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The Tidelands Health Newsroom

Published on January 04, 2017

Carrie Fisher's Death A Reminder That Heart Disease Is Women's No. 1 Killer

Actress Carrie Fisher’s death of cardiac arrest at age 60 last week is a grim reminder that heart disease doesn’t discriminate based on gender.

About 610,000 people die of heart disease in the United States each year, equating to about one in four deaths, according to the Centers For Disease Control and Prevention. Although it’s the leading cause of death among both men and women, only about half of women recognize it as their most likely cause of death.

“Women face the same exact risk that men face when it comes to heart disease, said Dr. Mitchell Devlin, a Tidelands Health cardiologist. “Everyone should be cognizant of the risk factors and symptoms.”

The heart disease problem is more acute in South Carolina than other areas of the nation. The death rate for heart disease in the Palmetto State, which has elevated rates of obesity, smoking and other risk factors, is about 7 percent higher than the national average. It’s even higher in Horry and Georgetown counties.

Beyond recognizing the risk of heart disease, it’s important women understand

Heart Attack Risk factors

  • High blood pressure
  • High blood cholesterol
  • Diabetes and prediabetes
  • Smoking
  • Being overweight or obese
  • Being physically inactive
  • Having a family history of early heart disease
  • Having a history of preeclampsia during pregnancy
  • Unhealthy diet
  • Age (55 or older for women)

Source: National Institutes of Health

the signs and symptoms may be different among women than men, Dr. Devlin said. For example, heart disease often occurs later in life among women than men.

“There’s typically a lag compared to men,” Dr. Devlin said. “Women will have a protective effect from estrogen during their younger years, but once they go through menopause that protective effect is eliminated and they catch up to men.”

Women also tend to experience heart attacks differently from men, said Dr. Sherief Khalil, a Tidelands Health cardiologist.

Heart attacks occur when a blocked artery prevents blood from flowing to the heart. Such attacks are often caused by coronary artery disease, a type of heart disease characterized by plaque buildup in the walls of the arteries.

Both genders can experience the classic chest pain and arm numbness of a heart attack, Dr. Khalil said, but women often experience different signs.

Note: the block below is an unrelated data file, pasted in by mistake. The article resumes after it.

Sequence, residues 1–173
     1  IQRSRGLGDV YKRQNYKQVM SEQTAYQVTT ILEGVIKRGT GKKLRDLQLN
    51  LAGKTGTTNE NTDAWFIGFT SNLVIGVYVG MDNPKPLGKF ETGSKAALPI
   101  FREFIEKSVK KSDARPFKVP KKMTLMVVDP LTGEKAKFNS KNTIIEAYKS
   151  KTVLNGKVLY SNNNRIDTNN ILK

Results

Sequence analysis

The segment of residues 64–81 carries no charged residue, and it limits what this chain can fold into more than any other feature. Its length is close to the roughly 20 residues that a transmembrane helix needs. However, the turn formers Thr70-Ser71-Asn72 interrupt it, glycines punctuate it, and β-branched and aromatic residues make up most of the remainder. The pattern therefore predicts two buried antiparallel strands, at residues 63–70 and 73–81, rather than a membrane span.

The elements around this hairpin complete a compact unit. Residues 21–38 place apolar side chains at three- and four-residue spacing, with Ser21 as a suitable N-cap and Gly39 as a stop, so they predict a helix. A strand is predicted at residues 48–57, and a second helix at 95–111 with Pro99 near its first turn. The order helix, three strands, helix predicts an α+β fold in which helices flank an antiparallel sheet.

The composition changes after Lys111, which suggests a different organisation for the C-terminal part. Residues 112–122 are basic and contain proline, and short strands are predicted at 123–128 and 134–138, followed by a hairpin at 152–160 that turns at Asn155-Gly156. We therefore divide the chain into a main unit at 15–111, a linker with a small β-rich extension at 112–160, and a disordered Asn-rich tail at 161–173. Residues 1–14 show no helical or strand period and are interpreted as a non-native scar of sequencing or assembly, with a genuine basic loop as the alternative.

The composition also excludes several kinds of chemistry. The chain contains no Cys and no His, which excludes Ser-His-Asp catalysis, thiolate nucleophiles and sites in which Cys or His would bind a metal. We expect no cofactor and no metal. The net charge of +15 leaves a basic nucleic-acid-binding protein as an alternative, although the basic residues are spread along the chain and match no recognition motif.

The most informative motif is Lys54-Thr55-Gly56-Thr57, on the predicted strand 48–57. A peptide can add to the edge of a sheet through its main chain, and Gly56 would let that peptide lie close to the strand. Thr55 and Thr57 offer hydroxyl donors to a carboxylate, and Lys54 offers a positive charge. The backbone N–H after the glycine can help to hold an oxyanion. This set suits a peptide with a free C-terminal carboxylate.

“Women don’t necessarily come to us with symptoms exactly like men,” said Dr. Khalil. “Their symptoms are often more subtle.”

For example, women may feel unusually tired, short of breath, dizzy, nauseous or lightheaded, he said. They also may feel like they have indigestion, heartburn or feel pain in their jaw.

Mistakenly attributing symptoms to benign causes is often one of the reasons women tend to seek help later than men, said Dr. J. Ryan Altman, a Tidelands Health cardiologist.

Heart attack signs and/or symptoms can persist for hours, days or weeks. The longer a person goes without treatment, the more heart damage can occur. Heart attacks ultimately can cause sudden cardiac arrest and death.

“Men will typically present with more common symptoms but will present more quickly after the onset of symptoms,” Dr. Altman said. “Women tend to present later in their heart attack.”

One study found that women wait an average of 54 hours to be treated after the onset of symptoms, compared to 16 hours in men.

Anyone experiencing signs or symptoms of a potential heart attack should immediately call 911 rather than take a private vehicle to the hospital, Dr. Altman said. Emergency medical technicians can evaluate a patient in an ambulance and help expedite care upon arrival at the hospital.

People can help prevent heart disease by avoiding tobacco use, maintaining a healthy weight, eating a healthy diet and exercising regularly, Dr. Altman said. They should also work with their physicians to prevent and treat other health conditions, especially high blood pressure, diabetes and high cholesterol.

Drs. Devlin, Khalil and Altman practice at Tidelands Heart and Vascular in Pawleys Island and at Tidelands Health hospitals. Carechex in its 2017 rankings rated Tidelands Georgetown Memorial Hospital in the Top 10 percent of South Carolina hospitals for heart attack treatment.


Tidelands Health is the region’s largest health care provider and MUSC Health affiliate, serving the Carolinas at four hospitals and more than 70 outpatient locations. More than 2,500 employee, physician and volunteer partners work side by side with our communities to transform the health of our region – promoting wellness, preventing illness, encouraging recovery and restoring health.